Anyone who shares their life with a dog knows they area a member of the family. As such, they need to be comfortable in your living space, including your garden. Here are some easy and practical tips to creating a dog friendly garden that you and your best friend will love…
What Is A Dog Friendly Garden?
The most important factor to consider when creating a garden your dog will love is their personal habits. Is your dog inquisitive by nature? Do they like to dig and chew? How much space do they need to run and explore?
Examine your dogs habits and research the breed if necessary. If your dog enjoys digging, like a beagle for example, you’ll want sturdy plants that are easy to replant. Similarly, if your furry friend likes a full out gallop now and then, it is important to give your pet enough area to roam and run.
A dog friendly garden is essentially an outdoor living space that both you and your pet can enjoy. Your dog’s safety is of primary importance, so you will want to choose plants that aren’t harmful to animals if ingested. From your viewpoint, you won’t want to constantly replace damaged plants and flowers, so consider your pets habits when choosing places to plant.
Choosing Your Plants
When you own a dog, chances are great they will occasionally interact with your plants when running, fetching, or playing. Choose sturdy species that can withstand a little rough housing. Also, consider where your dog likes to nap and eliminate. You won’t want your prized plants damaged by their daily routine.
If you have a boy dog, choose plants that are immune to the nitrogen in their urine. Boy dogs mark their territory, so your plants will get sprayed now and again. Certain types of plants are immune, like viburnum and spirea. Interestingly, shrub roses are another great choice. Not only are they sturdy and hardy, but they are practically immune to dog urine.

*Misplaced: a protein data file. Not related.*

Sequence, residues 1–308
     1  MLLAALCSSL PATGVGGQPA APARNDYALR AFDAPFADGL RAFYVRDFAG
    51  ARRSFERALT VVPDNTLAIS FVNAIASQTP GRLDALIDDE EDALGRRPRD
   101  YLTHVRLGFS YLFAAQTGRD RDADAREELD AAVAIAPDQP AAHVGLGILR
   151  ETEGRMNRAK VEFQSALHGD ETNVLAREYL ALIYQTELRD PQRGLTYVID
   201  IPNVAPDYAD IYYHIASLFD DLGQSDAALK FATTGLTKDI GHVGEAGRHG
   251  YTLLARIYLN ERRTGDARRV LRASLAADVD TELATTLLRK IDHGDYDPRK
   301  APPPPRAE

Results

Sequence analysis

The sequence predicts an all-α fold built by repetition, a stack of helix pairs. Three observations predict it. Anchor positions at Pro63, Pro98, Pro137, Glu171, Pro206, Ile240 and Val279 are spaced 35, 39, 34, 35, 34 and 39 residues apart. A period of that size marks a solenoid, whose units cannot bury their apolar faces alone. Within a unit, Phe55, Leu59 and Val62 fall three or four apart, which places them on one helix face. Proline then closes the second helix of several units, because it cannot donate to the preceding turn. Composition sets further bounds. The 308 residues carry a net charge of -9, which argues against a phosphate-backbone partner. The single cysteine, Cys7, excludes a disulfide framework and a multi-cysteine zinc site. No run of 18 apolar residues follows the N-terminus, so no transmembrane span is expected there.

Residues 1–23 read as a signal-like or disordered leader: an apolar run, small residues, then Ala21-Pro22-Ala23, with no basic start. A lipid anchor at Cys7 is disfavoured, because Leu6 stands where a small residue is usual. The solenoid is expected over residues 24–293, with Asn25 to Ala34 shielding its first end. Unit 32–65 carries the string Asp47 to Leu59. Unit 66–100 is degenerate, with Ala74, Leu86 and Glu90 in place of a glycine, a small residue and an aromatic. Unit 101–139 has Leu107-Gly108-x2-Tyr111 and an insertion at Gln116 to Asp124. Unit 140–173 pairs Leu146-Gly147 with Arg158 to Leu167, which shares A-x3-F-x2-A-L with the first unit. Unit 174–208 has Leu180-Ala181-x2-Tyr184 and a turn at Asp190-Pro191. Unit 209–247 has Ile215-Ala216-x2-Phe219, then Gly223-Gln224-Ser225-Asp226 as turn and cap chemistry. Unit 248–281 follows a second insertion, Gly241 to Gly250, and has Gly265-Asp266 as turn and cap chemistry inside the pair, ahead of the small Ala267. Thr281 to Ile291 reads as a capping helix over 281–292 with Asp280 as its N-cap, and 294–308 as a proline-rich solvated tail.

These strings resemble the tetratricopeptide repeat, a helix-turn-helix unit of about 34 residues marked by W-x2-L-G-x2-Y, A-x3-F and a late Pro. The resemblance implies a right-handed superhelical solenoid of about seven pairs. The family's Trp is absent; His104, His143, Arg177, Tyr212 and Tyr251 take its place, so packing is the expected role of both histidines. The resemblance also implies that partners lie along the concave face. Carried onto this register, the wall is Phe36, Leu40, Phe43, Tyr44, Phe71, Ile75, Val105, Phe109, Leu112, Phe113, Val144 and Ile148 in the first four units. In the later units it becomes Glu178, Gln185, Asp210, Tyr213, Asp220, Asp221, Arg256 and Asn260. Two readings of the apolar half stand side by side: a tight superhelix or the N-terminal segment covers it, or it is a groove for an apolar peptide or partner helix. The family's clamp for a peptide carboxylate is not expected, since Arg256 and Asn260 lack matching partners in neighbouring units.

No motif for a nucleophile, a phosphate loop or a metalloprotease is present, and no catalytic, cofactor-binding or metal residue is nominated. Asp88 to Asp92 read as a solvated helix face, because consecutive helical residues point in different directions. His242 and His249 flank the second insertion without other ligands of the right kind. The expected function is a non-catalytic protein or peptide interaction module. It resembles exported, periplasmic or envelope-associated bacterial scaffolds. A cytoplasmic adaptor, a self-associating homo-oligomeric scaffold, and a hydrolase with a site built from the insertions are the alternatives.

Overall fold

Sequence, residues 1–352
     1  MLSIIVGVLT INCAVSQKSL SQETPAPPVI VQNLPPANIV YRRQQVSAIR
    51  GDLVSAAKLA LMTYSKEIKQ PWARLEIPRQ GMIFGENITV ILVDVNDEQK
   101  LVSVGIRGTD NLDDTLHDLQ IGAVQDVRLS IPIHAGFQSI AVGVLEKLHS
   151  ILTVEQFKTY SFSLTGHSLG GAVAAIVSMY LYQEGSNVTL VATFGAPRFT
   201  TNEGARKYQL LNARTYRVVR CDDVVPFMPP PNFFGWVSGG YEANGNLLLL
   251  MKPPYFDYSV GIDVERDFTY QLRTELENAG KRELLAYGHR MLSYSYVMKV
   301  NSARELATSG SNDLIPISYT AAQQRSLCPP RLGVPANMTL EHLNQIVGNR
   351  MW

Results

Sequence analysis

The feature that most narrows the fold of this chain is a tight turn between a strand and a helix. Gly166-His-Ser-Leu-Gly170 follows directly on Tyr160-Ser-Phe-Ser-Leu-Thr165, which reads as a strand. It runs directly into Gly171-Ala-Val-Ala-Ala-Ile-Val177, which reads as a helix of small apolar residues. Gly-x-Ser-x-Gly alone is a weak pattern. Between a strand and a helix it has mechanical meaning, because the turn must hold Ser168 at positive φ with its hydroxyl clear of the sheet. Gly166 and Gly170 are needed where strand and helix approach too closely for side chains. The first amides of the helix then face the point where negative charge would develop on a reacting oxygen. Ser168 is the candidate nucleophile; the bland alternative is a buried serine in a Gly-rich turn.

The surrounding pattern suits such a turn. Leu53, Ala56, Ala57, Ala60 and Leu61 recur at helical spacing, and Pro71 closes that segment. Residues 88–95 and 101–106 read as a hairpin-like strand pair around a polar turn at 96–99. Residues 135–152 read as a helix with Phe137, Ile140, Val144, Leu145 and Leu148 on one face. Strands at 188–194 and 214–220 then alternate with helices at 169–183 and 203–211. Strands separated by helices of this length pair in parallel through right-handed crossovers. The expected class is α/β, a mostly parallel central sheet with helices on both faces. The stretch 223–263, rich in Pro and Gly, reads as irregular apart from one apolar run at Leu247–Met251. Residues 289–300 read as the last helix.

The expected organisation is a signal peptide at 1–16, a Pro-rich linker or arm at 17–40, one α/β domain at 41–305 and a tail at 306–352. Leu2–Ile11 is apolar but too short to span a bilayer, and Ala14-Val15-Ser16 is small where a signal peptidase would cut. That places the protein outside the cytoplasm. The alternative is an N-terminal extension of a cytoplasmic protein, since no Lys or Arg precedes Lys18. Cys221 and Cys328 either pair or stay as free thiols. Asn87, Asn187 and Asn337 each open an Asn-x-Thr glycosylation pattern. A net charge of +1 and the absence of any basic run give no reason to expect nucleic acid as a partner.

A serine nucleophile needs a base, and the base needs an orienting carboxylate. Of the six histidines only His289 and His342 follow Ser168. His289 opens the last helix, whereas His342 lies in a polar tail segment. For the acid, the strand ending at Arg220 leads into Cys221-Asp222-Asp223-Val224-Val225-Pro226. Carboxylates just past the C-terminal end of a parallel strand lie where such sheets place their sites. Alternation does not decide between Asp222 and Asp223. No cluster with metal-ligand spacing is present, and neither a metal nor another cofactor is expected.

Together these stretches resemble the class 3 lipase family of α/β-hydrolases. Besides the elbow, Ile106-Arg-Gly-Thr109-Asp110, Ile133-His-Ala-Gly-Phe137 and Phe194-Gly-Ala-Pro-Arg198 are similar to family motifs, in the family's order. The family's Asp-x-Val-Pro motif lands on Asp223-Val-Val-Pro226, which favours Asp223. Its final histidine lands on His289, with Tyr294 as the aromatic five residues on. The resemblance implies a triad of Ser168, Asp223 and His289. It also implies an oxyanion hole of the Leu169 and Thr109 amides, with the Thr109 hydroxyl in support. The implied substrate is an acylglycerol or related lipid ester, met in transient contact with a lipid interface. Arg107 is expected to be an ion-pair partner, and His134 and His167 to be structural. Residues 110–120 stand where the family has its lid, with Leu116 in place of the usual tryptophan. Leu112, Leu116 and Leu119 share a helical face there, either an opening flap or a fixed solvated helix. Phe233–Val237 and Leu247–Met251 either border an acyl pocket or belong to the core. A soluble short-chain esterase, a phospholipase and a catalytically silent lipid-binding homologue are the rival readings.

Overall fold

After a while, your dog will learn its space boundaries. Dogs are highly adaptable creatures and in general will cooperate with your landscaping ideas. Be sure they have enough shade, a place to nap outdoors, and room to run and you should be fine.
Plants To Avoid In A Dog Friendly Garden
There are certain species of plants that can be toxic to dogs. That said, the risk really lies in your dog’s habits. Most dogs will exist peacefully with plants and won’t chew and gnaw at them. Even if your dog is a chronic chewer, you can alleviate your worry by giving them dog bones that will keep them busy for hours.
With that said, there are a few plants that should give you pause. They include lilies, tulips, and azaleas. When ingested, these plants may cause severe digestive problems for your pet, so exercise due caution. For the most part though, if your dog is properly exercised daily, they really won’t be inclined to chew on plants.
Designing a dog friendly garden is well worth the time for both you and your pet. You will be able to match your landscape preferences with your dog’s habits by following a few simple tips.
Examine how your dog interacts with your outdoor space and plan accordingly. Also, be sure to properly exercise your dog to help curb their inquisitive nature and avoid nuisance behavior like chewing and possibly damaging your plants.